LOS ANGELES, CA / ACCESSWIRE / January 11, 2021 / On December 16, 2020, the White House issued Space Policy Directive-6 (SPD-6), which outlines a national strategy for using space nuclear power and propulsion (SNPP) systems in a safe and effective manner. The new policy directive confirms the United States’ commitment to using SNPP systems and establishing nuclear power stations on the moon and beyond, which is good news for US Nuclear (OTCQB:UCLE) and partner MIFTI, who have designed and are testing thermonuclear fusion power generators.
Scott Pace of the National Space Council, commented “Space nuclear power and propulsion is a fundamentally enabling technology for American deep-space missions to Mars and beyond. The United States intends to remain the leader among spacefaring nations, applying nuclear power technology safely, securely, and sustainably in space.” The key factor for enabling space travel are the new nuclear powered propulsion systems, as traditional chemical powered rocket fuels are hopelessly weak. DARPA, NASA, and the US Space Force have recently gotten serious and deployed the nuclear option. Why? Nuclear fuels and nuclear power systems, such as the highly-regarded MIFTI Z-pinch fusion reactor, can deliver 10,000,000 times the work (or energy) per payload pound than the chemical rocket fuels now used by Musk’s Space-X, Bezos’s Blue Origin, Branson’s Virgin Atlantic, as do Lockheed and Boeing.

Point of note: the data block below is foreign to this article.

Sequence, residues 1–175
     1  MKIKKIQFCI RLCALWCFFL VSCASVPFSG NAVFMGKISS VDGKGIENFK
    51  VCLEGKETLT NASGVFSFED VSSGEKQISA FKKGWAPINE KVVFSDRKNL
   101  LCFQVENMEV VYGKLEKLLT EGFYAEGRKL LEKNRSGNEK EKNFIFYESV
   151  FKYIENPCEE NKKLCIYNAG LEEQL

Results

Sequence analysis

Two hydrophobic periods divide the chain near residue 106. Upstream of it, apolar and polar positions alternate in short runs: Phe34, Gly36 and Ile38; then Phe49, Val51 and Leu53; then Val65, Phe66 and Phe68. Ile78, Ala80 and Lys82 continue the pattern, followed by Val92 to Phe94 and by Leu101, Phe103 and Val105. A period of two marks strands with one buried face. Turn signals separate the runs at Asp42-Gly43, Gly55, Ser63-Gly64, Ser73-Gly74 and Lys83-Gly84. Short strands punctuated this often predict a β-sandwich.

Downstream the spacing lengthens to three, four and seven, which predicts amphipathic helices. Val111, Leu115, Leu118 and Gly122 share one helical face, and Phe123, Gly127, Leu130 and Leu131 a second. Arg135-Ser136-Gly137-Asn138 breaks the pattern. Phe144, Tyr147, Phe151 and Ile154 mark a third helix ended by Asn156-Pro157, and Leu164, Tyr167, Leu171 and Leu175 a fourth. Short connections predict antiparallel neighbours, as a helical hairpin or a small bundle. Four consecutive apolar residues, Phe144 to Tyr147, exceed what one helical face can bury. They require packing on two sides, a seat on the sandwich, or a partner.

Fusion propulsion should far outperform fission-based propulsion, because fusion reactions release up to four times as much energy, says NASA chief engineer Jeff Sheehy. Fusion uses a very lightweight, low-cost, and safe fuel, whereas fission uses a fuel that is scarce, expensive, and hazardous. Fusion propulsion devices could also be one-thousandth as large as a fission device. Saturn’s moon Titan, has long been a focus of scientists as it is the only known body in space besides Earth where there is clear evidence of surface liquid, which could potentially harbor life. A fusion powered propulsion system could reach Mars in as little as 3 months, the asteroid belt in 7 months, and Titan in just two years.
Princeton Plasma Physics Lab is in the process of developing a fusion powered spacecraft called the Direct Fusion Drive (DFD) which can produce thrust directly from fusion, while US Nuclear and MIFTI are just a few years away from producing the world’s first working fusion power generator.
People used to think space travel was only useful for entertainment, fantasy, and abstract research, but the latest advancements in nuclear propulsion have made space travel, exploration, and colonization a near-term reality. There are new worlds to explore.
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US Nuclear Corp. (OTC: UCLE)
Robert I. Goldstein, President, CEO, and Chairman
Rachel Boulds, Chief Financial Officer
SOURCE: US Nuclear Corp.
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